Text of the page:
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Thursday, 21 March 1985
Page: 735

Mr HAWKER(10.24) —As my colleague the honourable member for Fisher (Mr Slipper) has just pointed out, today is a day of shame for this Government. We are, of course, referring to the iniquitous pensions assets test. I was going to give a bit of a rundown on some of the effects but I thought rather than do that I might cite the cases of two people who have been affected by this to show honourable members how it has been biting. The first example is the case of an 86-year-old pensioner with weak eyesight. This pensioner had a small investment portfolio with a current market value of $11,800. Unfortunately, because of her weak eyesight she misread the figures and entered $118,000 on the assets test form nearly four months ago. On becoming aware of that error three and a half months ago she wrote to the Department of Social Security asking for a new form. To this date that letter has not been answered. A letter from the Department of Social Security arrived requesting that the pensioner return her ID card. On receiving this letter the pensioner rang an officer of the Department of Social Security, who admitted that her earlier letters had been received but were unanswered. The forms have now been sent back for reprocessing. This last letter asking for the return of the pensioner ID card was posted on 12 March but did not arrive until 19 March. I do not know who will be blamed for that. The point is that the Minister for Social Security (Mr Howe) should explain why his Department delayed replying to a letter that was written three and a half months ago pointing out that this pensioner's assets in fact totalled only $11,800.

The second example, which I think points out what I have been saying even more, is the case of a pensioner couple who filled in a form and owned a small farm to the value of $173,000. The pensioner wife wrote to the Department of Veterans' Affairs to see why their assets had been increased from $173,000 to $190,000. Her letter reads:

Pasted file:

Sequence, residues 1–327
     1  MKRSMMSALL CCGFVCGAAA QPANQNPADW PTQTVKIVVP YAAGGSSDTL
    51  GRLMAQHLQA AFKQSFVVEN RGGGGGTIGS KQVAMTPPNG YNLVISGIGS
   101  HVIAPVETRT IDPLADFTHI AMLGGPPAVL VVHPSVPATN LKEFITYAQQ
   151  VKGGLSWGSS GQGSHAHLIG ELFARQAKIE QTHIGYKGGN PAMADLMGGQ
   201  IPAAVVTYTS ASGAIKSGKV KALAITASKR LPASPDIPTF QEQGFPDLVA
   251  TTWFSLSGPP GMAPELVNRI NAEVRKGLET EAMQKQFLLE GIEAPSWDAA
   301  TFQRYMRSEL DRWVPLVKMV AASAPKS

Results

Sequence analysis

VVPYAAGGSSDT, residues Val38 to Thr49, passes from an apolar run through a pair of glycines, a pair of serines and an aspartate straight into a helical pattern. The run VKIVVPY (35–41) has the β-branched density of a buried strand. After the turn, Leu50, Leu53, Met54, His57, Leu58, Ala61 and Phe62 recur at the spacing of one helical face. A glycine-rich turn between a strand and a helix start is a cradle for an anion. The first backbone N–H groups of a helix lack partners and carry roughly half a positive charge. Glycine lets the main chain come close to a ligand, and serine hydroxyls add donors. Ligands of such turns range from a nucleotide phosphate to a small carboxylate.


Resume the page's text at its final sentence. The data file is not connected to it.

Today we received a photo-stat copy of our Asset test papers as requested, but they have kindly blanked out all their figures so we still don't know what figures they have accepted or what they have valued higher, haven't we a right to see the final figures?

The pensioner went on to say:

When I see in last week's Sun 20,000 naturalised Australians living abroad cost $74.8 million, all that money paid to pensioners who have gone home that were assisted here in the first place-

She went on to talk about the insults to ex-servicemen. It is no wonder she feels rather upset. I will continue with this letter to show honourable members the sort of effect that this iniquitous assets test is having. She went on:

I have never seen my husband so depressed, sick and bewildered since this wretched assets test began. Maybe there are some that don't need it, but there are a lot collecting unemployment benefits that shouldn't either.

Surely the income test was fairer, when I see what is paid out overseas its about time charity began at home. We paid tax for many years too.

If ever there was a callous, iniquitous piece of legislation it is the one introducing the pensions assets test. It shows a total lack of compassion by this Government. We have warned the Minister time and again of what is going to happen. We have pointed out to him time and again that under the assets test people with a house overlooking, say, Sydney Harbour that could be worth $200,000, $300,000, $400,000, $500,000 can still get a pension but someone with a small farm with a house a long way from a town, which is worth very little, can find himself being chopped out when his assets are worth a little over $200,000. People whose incomes are generally below $5,000 and who are trying to set up a farm for their sons are now finding they can no longer do so. They will probably be forced to sell their farms, go to the city and collect a pension, because that way they will be able to put all their money into a decent house. Furthermore, their sons will probably be on the dole. I point out to the Minister that his so-called savings might prove to be illusory in many cases and the hardship he is going to cause these individuals who have worked all their lives to try to help their families is beyond belief. I call upon the Minister to reconsider this right now.

Mr SPEAKER —Order! The honourable member's time has expired.